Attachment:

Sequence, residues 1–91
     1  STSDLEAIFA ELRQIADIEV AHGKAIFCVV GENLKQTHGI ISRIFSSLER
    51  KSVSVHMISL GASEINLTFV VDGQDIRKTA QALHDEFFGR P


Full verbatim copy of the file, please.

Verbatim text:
Sequence, residues 1–91
     1  STSDLEAIFA ELRQIADIEV AHGKAIFCVV GENLKQTHGI ISRIFSSLER
    51  KSVSVHMISL GASEINLTFV VDGQDIRKTA QALHDEFFGR P